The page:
Knock Off

Directed by Tsui Hark. Starring Jean-Claude Van Damme, Rob Schneider, Lela Rochon, Paul Sorvino, Michael Wong. (1998, R, 90 min.)

REVIEWED By Russell Smith, Fri., Sept. 11, 1998

Maybe those of us who are always whining about the need for more originality in the action movie genre should pay a little more heed to the old be-careful-what-you-wish-for principle. Director Tsui Hark, who still hasn't quite come down off the stylistic bender of his '96 avant garde swordsman opus, The Blade, certainly can't be accused of cranking out another boilerplate Hong Kong actioner here. But although Knock Off's outrageous bounty of visual creativity sets it well apart from most movies dominated by dialogue like “WOOMPH!,” “HWUULP!,” and “AAAAGH!,” that fact doesn't constitute a must-see endorsement. Put another way, I'm not sure that viewers looking for another Double Team-style adrenaline O.D. will respond favorably to an action mise-en-scene in which ultra-closeups of walls, ceilings, and concrete pilings often seem to receive equal billing with Van Damme's smashmouth kickboxing moves. Sure, it's dazzling to watch the UT-schooled Hark pull out all the stops with stop-motion photography, manic pans and zooms, dim ambient lighting, and calculatedly jumpy edits. Inevitably, though, frustration sets in as it becomes all but impossible to tell who's kicking whose asses -- or indeed what specific blurrily photographed body parts are being kicked. It's kind of like watching an enthusiastic eight-year-old play with the zoom and focus buttons on the family videocam. Plot? Well, it's another of those insanely labyrinthine deals in which scruffy Russian mafiosi (God, I miss the KGB and the whole darned world communist conspiracy!) battle the CIA and various moles, local hoods, and counter-counterspies for control of deadly weapons technology. Andro 6 poster boy Jean-Claude, now seemingly resigned to his fate as a well-compensated also-ran in the hybrid martial arts/shoot-'em-up genre, brings his usual mush-mouthed charm and array of mannequin-like expressions to his role as a humble leisure-wear merchant caught up in the fray. As-yet-undeceased Saturday Night Live alum Schneider is borderline amusing in the obligatory raffish sidekick role. In essence, the whole Knock Off experience can be summed up neatly in four words: loud, stupid, blurry, frenetic. (And, maybe, fun as well, if the preceding adjectives pique your interest.) As I've noted, Hark pulls off the whole operation with an admirable degree of energy, invention, and technical envelope-pushing, all of which surpass the meager standards of Double Team. He also earns additional groundbreaker points for making what I believe to be the first action movie based in the seamy netherworld of fake designer fashion. Still, regrettably, the simple equation holds true that Dumb Van Damme Flick -- Dennis Rodman + Artsy Camera Tricks = Dumb, Artsy Van Damme Flick. Compelling appeal to your entertainment budget? You make the call, folks.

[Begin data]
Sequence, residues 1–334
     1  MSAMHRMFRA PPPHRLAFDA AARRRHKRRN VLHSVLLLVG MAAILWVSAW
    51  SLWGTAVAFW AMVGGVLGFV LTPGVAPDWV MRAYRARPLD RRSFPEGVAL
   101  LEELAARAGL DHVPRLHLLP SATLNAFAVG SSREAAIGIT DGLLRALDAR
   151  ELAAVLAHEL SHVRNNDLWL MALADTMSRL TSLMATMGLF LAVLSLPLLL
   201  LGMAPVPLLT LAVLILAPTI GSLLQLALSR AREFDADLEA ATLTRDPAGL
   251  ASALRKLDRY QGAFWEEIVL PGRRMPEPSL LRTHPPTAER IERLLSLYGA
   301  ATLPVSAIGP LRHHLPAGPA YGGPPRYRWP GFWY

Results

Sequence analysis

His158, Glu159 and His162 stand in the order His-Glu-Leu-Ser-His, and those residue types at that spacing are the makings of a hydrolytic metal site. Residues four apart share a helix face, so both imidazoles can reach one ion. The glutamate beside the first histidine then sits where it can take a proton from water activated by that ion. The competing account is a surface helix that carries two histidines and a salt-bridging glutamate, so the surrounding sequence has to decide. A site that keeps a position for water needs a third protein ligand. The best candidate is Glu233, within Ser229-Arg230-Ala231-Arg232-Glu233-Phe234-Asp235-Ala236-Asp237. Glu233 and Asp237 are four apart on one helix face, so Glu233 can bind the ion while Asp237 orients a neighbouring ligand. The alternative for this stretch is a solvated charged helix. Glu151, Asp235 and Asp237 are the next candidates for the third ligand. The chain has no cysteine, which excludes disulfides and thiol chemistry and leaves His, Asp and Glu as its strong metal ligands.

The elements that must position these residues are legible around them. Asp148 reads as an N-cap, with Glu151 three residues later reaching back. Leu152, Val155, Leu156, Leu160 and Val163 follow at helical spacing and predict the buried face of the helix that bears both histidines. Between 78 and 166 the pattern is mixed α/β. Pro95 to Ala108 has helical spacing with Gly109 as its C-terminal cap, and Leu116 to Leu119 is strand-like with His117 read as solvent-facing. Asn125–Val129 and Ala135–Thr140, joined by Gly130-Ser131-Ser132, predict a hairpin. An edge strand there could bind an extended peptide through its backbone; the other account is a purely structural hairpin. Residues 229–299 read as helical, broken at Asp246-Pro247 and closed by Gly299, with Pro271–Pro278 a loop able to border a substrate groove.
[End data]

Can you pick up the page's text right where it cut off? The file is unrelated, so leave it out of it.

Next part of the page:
More Tsui Hark Films
Flying Swords of Dragon Gate
There's just too much everything in this chop-socky actioner by Tsui Hark.

Marc Savlov, Sept. 14, 2012

Detective Dee and the Mystery of the Phantom Flame
Tsui Hark directs this delightful mystery film that's part spectacular period piece and part Sherlock Holmes.

Marjorie Baumgarten, Sept. 30, 2011

More by Russell Smith
Juwanna Mann

June 28, 2002

Wrong Numbers

June 7, 2002


Knock Off, Tsui Hark, Jean-Claude Van Damme, Rob Schneider, Lela Rochon, Paul Sorvino, Michael Wong

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